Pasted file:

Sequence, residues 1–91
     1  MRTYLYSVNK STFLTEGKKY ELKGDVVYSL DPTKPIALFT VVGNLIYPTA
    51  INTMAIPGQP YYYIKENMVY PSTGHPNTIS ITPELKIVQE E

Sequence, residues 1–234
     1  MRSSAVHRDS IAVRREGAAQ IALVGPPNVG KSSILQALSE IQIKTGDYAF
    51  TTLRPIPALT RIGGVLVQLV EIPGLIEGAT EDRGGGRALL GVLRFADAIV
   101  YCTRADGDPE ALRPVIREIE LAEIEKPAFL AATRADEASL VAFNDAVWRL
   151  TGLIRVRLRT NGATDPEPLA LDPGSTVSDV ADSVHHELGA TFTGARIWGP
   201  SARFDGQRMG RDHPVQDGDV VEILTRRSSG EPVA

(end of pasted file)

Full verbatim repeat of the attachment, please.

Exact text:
Sequence, residues 1–91
     1  MRTYLYSVNK STFLTEGKKY ELKGDVVYSL DPTKPIALFT VVGNLIYPTA
    51  INTMAIPGQP YYYIKENMVY PSTGHPNTIS ITPELKIVQE E

Sequence, residues 1–234
     1  MRSSAVHRDS IAVRREGAAQ IALVGPPNVG KSSILQALSE IQIKTGDYAF
    51  TTLRPIPALT RIGGVLVQLV EIPGLIEGAT EDRGGGRALL GVLRFADAIV
   101  YCTRADGDPE ALRPVIREIE LAEIEKPAFL AATRADEASL VAFNDAVWRL
   151  TGLIRVRLRT NGATDPEPLA LDPGSTVSDV ADSVHHELGA TFTGARIWGP
   201  SARFDGQRMG RDHPVQDGDV VEILTRRSSG EPVA